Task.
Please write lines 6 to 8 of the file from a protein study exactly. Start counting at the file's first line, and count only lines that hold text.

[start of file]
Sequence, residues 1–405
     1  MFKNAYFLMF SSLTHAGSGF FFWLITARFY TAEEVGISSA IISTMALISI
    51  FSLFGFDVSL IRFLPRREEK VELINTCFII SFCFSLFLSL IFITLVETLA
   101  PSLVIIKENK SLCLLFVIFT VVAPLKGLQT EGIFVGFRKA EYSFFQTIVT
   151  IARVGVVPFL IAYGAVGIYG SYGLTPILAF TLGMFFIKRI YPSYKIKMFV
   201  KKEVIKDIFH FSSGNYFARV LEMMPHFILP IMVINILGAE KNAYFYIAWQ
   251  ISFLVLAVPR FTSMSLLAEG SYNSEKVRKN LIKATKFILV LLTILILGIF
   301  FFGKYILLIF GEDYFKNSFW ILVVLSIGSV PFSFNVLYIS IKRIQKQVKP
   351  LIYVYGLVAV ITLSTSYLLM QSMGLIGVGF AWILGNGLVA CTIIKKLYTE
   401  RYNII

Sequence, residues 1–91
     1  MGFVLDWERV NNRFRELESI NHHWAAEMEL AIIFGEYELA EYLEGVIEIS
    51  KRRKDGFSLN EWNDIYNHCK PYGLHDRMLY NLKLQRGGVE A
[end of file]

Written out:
   201  KKEVIKDIFH FSSGNYFARV LEMMPHFILP IMVINILGAE KNAYFYIAWQ
   251  ISFLVLAVPR FTSMSLLAEG SYNSEKVRKN LIKATKFILV LLTILILGIF
   301  FFGKYILLIF GEDYFKNSFW ILVVLSIGSV PFSFNVLYIS IKRIQKQVKP